The intermediates of the invention may be represented by Formula II:
X1 -R1 -(W)D-Phe-R3 (X2)-R4 (X3)-R5 (X4)-R6 (V)-R7 -Arg(X5)-Pro-X6
wherein: X1 is an α-amino protecting group of the type known to be useful in the art in the stepwise synthesis of polypeptides and when X in the desired peptide composition is a particular acyl group, that group may be used as the protecting group. Among the classes of α-amino protecting groups covered by X1 are (1) acyl-type protecting groups, such as formyl(For), trifluoroacetyl, phthalyl, p-toluenesulfonyl(Tos), benzoyl(Bz), benzenesulfonyl, o-nitrophenylsulfenyl(Nps), tritylsulfenyl, o-nitrophenoxyacetyl, acrylyl(Acr), chloroacetyl, acetyl(Ac) and γ-chlorobutyryl; (2) aromatic urethan-type protecting groups, e.g., benzyloxycarbonyl (Z), fluorenylmethyloxycarbonyl(FMOC), and substituted benzyloxycarbonyl, such as p-chlorobenzyloxycarbonyl (ClZ), p-nitrobenzyloxycarbonyl, p-bromobenzyloxycarbonyl and p-methoxybenzyloxycarbonyl; (3) aliphatic urethan protecting groups, such as tertbutyloxycarbonyl(Boc), diisopropylmethoxycarbonyl, isopropyloxycarbonyl, ethoxycarbonyl and allyloxycarbonyl; (4) cycloalkyl urethan-type protecting groups, such as cyclopentyloxycarbonyl, adamantyloxycarbonyl and cyclohexyloxycarbonyl; (5) thiourethan-type protecting groups, such as phenylthiocarbonyl; (6) alkyl-type protecting groups, such as allyl(Aly), triphenylmethyl(trityl) and benzyl(Bzl); (7) trialkylsilane groups, such as trimethylsilane. The preferred α-amino protecting group is Boc when X is hydrogen.
X2 is hydrogen or a protecting group for the indole nitrogen, such as formyl or benzyl. In many syntheses there is no need to protect the indole NH of Trp; however X2 is formyl when R3 is (Nin For)D-Trp.
X3 is hydrogen or a protecting group for the alcoholic hydroxyl group of Ser, such as one selected from the group consisting of acetyl, benzoyl, tetrahydropyranyl, tert-butyl, trityl, benzyl and 2,6-dichlorobenzyl, with benzyl being preferred. Alternatively, when a substitution is made for Ser, X3 may be a protecting group for a side chain amino group, such as Tos, Z or ClZ.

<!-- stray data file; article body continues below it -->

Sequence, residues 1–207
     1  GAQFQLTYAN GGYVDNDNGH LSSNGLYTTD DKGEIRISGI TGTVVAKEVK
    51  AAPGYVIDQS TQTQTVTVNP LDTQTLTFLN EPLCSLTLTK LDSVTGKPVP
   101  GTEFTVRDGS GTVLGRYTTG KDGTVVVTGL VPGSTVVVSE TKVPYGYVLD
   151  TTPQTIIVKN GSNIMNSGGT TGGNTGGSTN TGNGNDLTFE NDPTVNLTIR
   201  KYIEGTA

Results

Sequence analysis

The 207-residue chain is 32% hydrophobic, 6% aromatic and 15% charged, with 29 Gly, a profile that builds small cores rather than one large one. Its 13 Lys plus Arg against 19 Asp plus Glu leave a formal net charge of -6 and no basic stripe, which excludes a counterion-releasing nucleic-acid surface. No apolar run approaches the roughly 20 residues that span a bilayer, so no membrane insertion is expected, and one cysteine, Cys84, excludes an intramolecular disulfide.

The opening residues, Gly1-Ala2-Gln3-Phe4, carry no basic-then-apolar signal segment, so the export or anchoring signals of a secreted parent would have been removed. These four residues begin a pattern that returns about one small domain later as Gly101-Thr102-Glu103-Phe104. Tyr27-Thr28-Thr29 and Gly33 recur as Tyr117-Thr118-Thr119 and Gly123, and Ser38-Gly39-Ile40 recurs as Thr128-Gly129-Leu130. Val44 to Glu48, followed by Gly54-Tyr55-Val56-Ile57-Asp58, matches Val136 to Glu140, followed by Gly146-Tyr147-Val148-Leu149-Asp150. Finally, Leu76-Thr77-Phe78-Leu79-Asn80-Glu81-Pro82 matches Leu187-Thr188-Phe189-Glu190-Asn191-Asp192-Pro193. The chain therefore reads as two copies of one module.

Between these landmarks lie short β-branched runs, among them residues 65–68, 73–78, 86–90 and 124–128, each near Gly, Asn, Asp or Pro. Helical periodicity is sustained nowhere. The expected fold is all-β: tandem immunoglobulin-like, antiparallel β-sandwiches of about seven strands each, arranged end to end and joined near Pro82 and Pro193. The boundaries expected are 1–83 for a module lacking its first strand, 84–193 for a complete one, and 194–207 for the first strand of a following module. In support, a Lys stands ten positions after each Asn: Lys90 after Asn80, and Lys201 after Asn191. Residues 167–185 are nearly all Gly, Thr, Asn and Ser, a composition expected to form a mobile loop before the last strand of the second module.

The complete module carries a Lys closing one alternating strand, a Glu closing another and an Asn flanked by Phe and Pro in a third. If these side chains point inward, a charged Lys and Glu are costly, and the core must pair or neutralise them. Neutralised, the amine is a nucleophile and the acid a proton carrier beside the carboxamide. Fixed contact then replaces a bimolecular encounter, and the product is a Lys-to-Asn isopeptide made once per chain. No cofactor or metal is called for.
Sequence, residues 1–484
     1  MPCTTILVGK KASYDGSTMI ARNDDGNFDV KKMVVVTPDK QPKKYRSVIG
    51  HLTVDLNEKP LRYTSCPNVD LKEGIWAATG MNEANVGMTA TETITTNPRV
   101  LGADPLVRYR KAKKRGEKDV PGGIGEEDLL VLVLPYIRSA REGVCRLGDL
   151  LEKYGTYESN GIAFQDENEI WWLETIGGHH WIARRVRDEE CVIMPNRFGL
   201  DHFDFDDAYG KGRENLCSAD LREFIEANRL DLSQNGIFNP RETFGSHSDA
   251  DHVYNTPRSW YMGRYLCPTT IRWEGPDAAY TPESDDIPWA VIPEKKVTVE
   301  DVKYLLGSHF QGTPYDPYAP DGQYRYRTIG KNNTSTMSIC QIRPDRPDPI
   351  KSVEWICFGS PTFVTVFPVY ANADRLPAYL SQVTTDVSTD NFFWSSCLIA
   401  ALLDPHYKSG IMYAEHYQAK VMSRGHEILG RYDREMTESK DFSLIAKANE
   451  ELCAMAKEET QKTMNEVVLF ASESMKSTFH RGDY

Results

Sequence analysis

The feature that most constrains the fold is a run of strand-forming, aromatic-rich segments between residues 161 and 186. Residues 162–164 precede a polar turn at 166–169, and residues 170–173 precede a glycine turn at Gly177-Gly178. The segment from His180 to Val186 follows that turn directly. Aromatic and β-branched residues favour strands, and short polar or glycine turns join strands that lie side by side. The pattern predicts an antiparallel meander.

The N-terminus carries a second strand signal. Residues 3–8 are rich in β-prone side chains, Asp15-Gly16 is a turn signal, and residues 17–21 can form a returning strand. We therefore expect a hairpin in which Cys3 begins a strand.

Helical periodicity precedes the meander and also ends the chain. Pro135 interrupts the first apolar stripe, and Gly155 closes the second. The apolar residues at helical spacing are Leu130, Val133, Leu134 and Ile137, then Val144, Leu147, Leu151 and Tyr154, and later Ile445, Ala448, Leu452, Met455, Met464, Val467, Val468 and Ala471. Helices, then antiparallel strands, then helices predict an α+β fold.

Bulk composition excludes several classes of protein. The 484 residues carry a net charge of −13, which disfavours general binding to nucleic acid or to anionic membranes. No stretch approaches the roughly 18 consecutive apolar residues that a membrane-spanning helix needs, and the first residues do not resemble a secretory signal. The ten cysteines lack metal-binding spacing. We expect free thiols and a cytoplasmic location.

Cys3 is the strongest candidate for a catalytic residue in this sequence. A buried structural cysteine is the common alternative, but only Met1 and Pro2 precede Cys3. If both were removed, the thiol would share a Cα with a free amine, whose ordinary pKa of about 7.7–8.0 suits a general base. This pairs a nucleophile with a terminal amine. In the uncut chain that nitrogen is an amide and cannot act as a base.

X4 is hydrogen or a protecting group for the phenolic hydroxyl group of Tyr, if Tyr is present, selected from the group consisting of tetrahydropyranyl, tert-butyl, trityl, benzyl, Z, 4-bromobenzyloxycarbonyl and 2,6-dichlorobenzyl. 2,6-dichlorobenzyl is preferred.
X5 is a protecting group for the side chain guanidino group of Arg, such as nitro, Tos, trityl, benzyloxycarbonyl, adamantyloxycarbonyl, Z and Boc or X5 may be hydrogen, which means there is no protection on the side chain group atoms. Tos is generally preferred.
X6 may be Gly-O-CH2 -[resin support]; O-CH2 -[resin support]; D-Ala-O-CH2 -[resin support]; Gly-NH-[resin support] or D-Ala-NH-[resin support]; and it may be OH, ester, amide or hydrazide either of Gly or of D-Ala or attached directly to Pro.
The criterion for selecting side chain protecting groups for X2 -X5 is that the protecting group should be stable to the reagent under the reaction conditions selected for removing the α-amino protecting group at each step of the synthesis. The protecting group should not be split off under coupling conditions, and the protecting group should be removable upon completion of the synthesis of the desired amino acid sequence under reaction conditions that will not alter the peptide chain.
When the X6 group is Gly-O-CH2 -[resin support], D-Ala-O-CH2 -[resin support] or O-CH2 -[resin support], the ester moiety of one of the many functional groups of the polystyrene resin support is being represented. When the X6 group is Gly-NH-[resin support] or D-Ala-NH-[resin support], an amide bond connects Gly or D-Ala to BHA resin or to a MBHA resin.